You also don't need a lot of space for fly fishing gear. You can get started without investing in expensive gear or taking up too much room in your home or vehicle when you're traveling for work or fun.

4. It's a great form of exercise

The fourth benefit of fly fishing that I would like to mention is the health benefit. You can't get any more exercise than fly fishing. And it's not just a great workout for your arms and back, it's also a great way to get some fresh air, meet new people, and explore the outdoors. Fly fishing is good exercise, especially if you do it for long periods of time without stopping. Your arms will get tired from casting all day long, but this is good for building muscle strength in your upper body and improving cardiovascular health, as well as flexibility in your joints and tendons. This will also help improve balance and coordination over time as well as increase bone density.

As you spend more time outdoors, you will have an increased chance of getting more vitamin D from sunlight exposure, which can help boost your immune system and reduce your risk of certain diseases such as cancer.

In addition, fly fishing also helps improve your balance and coordination because it requires you to pay attention while walking along the shoreline with your rod in one hand and reel in the other (or vice versa). This forces you to keep your balance while walking, which improves your coordination. Not only will you be getting exercise by walking around looking for new streams and practicing your casting skills, but fly fishing also requires quite a bit of physical exertion if you want to catch anything. Fly fishing is not just about sitting around waiting for something to happen — it takes work!

5. You will discover new community networks and friends

A passion for fly fishing is an excellent way to meet people who share your interests and passions. You'll also get to know a lot about the local environment, learn about the fish that inhabit it, and make new friends who are probably better than you at catching them. It's a sport that promotes camaraderie and friendship, and it's not uncommon for fly fishermen to become lifelong friends with those they meet on the water.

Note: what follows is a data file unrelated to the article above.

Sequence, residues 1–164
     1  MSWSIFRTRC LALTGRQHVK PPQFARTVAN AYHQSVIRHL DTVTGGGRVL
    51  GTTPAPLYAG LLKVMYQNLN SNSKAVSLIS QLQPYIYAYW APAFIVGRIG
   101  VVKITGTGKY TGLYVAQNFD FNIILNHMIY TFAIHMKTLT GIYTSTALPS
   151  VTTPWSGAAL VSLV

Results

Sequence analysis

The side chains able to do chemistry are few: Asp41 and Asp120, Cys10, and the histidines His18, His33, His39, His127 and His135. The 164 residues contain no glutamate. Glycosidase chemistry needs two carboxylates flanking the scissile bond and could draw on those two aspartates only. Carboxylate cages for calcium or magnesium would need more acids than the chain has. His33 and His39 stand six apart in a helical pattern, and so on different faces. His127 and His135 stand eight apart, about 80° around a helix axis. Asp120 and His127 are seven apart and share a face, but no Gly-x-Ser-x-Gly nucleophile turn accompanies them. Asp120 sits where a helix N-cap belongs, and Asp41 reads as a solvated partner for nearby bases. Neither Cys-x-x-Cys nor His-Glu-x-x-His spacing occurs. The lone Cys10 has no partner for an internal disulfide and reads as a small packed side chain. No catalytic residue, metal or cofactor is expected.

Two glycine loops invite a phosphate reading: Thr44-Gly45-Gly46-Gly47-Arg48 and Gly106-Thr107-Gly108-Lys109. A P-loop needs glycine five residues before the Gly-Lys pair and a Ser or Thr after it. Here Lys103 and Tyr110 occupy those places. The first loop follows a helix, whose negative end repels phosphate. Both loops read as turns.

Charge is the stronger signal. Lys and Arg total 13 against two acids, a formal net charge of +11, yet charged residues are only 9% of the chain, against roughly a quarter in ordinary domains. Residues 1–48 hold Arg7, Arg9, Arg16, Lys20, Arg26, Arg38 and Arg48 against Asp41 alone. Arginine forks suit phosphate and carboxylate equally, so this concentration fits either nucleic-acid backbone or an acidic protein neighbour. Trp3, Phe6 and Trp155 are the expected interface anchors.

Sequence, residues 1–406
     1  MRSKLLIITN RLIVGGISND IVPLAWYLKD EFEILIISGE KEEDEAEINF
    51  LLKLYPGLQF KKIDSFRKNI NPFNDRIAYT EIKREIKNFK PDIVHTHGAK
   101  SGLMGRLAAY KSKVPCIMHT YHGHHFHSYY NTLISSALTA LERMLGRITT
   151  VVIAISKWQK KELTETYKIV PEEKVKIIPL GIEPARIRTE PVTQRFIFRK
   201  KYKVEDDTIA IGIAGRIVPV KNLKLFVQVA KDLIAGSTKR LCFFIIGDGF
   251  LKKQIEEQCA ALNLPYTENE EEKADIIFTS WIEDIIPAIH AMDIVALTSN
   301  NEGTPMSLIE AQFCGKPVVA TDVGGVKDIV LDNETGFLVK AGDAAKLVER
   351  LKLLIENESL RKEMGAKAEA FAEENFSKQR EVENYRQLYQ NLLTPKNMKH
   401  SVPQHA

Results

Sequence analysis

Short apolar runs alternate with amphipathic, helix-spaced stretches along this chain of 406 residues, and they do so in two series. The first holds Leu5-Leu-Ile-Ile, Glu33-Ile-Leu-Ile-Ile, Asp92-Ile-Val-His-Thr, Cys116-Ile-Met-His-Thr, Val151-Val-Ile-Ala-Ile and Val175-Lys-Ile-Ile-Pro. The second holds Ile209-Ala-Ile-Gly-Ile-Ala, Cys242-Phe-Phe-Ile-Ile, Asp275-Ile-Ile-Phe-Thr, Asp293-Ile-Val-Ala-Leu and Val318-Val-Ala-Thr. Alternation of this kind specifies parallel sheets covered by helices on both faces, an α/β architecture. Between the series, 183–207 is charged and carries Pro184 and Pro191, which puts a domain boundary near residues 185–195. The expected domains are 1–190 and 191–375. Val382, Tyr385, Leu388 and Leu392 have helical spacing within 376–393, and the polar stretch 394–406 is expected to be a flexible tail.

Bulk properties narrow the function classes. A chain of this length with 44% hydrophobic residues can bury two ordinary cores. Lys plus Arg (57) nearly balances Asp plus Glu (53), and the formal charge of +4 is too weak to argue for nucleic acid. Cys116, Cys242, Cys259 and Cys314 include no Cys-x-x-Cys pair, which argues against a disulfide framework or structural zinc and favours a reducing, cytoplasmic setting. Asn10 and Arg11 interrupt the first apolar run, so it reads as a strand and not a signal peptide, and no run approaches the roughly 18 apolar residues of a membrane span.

Fly fishing is an activity that can be enjoyed by anyone at any age, which makes it easy to make friends with people who share your passion for the water. If you want company, it's easy enough to find someone who wants to go fly fishing as well. It's a great way for friends who don't know each other very well to bond over something they both enjoy doing together without having to compete against one another like they would if they were playing golf or tennis together instead of going fishing together!

You can connect with other fly anglers through social media groups and local clubs:

Social media groups: There are many Facebook groups dedicated to fly fishing, including ones for specific areas like Colorado or Montana. You can join these groups and post photos of your catches or ask questions about different spots in the area.

Local clubs: There are clubs around the world where people come together to fish and share their knowledge about the sport with others who may be new to it. These clubs often hold competitions and offer classes for those who want to learn more about fly fishing techniques and strategies. Here, most anglers love to talk about their favorite pastime and are happy to help out beginners. If you're new to fly fishing, there are many clubs and organizations that can help you get started.